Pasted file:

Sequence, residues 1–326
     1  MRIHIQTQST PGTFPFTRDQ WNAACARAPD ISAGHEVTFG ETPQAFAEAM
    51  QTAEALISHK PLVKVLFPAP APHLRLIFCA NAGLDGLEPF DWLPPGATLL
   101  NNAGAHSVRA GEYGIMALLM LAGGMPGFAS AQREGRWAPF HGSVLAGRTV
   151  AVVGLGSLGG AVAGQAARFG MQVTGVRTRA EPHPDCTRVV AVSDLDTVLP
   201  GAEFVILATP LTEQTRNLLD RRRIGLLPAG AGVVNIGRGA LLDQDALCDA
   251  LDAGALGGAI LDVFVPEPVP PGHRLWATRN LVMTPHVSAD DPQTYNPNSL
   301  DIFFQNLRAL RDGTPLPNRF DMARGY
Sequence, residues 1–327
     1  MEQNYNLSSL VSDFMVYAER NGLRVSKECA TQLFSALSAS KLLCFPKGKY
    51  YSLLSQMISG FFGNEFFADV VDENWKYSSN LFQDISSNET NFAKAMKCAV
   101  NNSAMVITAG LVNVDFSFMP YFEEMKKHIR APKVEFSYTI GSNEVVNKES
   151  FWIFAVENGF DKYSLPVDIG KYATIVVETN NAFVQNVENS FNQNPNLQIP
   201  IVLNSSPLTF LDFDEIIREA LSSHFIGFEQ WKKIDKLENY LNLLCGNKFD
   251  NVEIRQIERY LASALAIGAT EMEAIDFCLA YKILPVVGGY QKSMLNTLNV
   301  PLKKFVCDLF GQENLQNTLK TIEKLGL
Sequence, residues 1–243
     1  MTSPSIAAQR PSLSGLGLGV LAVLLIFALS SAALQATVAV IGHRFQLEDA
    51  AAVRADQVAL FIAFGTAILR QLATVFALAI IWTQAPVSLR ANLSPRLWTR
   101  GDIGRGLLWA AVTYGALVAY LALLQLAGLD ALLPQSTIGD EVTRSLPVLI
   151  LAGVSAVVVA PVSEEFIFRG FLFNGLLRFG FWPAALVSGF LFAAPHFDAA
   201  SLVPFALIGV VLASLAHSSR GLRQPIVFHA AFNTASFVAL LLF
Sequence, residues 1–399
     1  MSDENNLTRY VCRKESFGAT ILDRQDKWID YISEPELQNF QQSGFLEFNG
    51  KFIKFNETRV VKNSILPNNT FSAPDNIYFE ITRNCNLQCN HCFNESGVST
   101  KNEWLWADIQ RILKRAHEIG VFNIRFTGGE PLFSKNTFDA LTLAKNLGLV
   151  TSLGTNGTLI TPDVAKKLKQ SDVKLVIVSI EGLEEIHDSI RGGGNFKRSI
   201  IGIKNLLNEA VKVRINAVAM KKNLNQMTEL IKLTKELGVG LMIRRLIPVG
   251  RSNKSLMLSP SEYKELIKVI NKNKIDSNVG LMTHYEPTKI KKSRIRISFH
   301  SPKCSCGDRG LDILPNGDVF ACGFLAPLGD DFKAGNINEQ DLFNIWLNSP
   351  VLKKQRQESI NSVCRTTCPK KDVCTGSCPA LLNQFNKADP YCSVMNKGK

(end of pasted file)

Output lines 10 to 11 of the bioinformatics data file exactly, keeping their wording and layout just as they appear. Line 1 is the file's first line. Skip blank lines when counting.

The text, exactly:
     1  MEQNYNLSSL VSDFMVYAER NGLRVSKECA TQLFSALSAS KLLCFPKGKY
    51  YSLLSQMISG FFGNEFFADV VDENWKYSSN LFQDISSNET NFAKAMKCAV